Gender diversity has existed throughout history and across cultures. The concept is based on a distinction between sex (the physical characteristics that identify individuals as male or female) and gender (an individual’s sense of being a man or a woman, or a combination of these). Gender-diverse people define themselves, and behave, in ways that are not expected of people with their biological sex. They are often described as ‘transgender’ or ‘trans’. Transgender people may be heterosexual, bisexual or homosexual.
There are many theories but no single explanation as to why transgender people do not fit within the ‘normal’ categories of sex and gender. Most of these people feel their gender identity is not something they can control, but an expression of their true selves.
Types of gender diversity
In New Zealand, gender diversity includes:
- transsexual people, who have changed, or are in the process of changing, their physical sex to conform to their gender identity
- cross-dressers, who dress in ways considered socially appropriate for the ‘opposite’ gender – either occasionally or full-time
- intersex people, who are born with reproductive or sexual anatomy that does not fit the typical biological definitions of female or male, or with conditions that may result in a questioning of their biological sex later in life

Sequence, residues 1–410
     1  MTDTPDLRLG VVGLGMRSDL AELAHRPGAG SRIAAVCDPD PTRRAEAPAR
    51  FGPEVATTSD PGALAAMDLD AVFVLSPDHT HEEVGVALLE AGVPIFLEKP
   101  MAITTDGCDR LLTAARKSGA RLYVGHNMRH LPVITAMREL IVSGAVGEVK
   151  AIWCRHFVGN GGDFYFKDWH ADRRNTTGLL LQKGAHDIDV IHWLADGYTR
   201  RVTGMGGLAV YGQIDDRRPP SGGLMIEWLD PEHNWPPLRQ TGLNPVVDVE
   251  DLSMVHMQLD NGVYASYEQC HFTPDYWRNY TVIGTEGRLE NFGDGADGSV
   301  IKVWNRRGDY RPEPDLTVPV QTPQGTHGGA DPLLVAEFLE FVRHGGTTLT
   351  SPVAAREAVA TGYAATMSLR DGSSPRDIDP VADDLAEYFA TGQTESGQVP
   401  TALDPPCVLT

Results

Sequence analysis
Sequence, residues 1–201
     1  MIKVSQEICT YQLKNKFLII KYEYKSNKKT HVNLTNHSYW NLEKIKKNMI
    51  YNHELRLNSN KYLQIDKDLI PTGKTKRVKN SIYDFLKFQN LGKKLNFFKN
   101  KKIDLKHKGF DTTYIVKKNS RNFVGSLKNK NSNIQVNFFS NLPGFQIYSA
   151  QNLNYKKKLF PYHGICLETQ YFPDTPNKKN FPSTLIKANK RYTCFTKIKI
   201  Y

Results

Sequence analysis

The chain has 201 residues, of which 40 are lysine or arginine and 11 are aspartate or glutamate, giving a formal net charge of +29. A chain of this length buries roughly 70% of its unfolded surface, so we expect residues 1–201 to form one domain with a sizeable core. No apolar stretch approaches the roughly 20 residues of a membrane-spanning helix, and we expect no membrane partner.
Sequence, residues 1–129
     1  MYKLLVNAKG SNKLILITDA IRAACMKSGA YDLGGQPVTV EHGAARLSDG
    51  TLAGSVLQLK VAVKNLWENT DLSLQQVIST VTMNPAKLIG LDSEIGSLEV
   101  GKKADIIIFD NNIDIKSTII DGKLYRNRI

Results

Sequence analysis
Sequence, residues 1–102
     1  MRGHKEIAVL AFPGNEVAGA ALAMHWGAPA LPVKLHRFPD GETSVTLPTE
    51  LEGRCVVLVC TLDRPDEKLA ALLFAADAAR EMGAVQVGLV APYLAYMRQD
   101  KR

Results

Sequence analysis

- Māori and Pacific gender and sexual identities such as whakawahine, tangata ira tane and takatāpui (Māori), fa’afafine (Samoan), fakaleiti (Tongan), ‘akava’ine (Cook Islands), mahu (Hawaiian), vaka sa lewa lewa (Fijian), rae rae (Tahitian) and fiafifine (Niuean)
- drag queens and drag kings – men and women, respectively, who dress as the ‘opposite’ gender, usually only as a performance.
However, many individuals who fit the above descriptions do not identify themselves as transgender or gender-diverse.
Difficulties and visibility
Because gender diversity was not considered acceptable in mainstream New Zealand society, transgender people tended to remain in their own communities and often felt isolated. A lack of accurate statistics on gender diversity has contributed to their low profile.
However, transgender communities were increasingly visible in the early 21st century. Gender diversity was often celebrated along with sexual diversity in gay-community events such as the Hero festival or the Big Gay Out.
Day-to-day life could still be difficult for transgender people. Those who were openly transgender sometimes encountered comments and verbal abuse – and even violence. Those who passed as their preferred gender, and who had not told others of their gender history, sometimes felt the need to conceal anything which could expose them as transgender.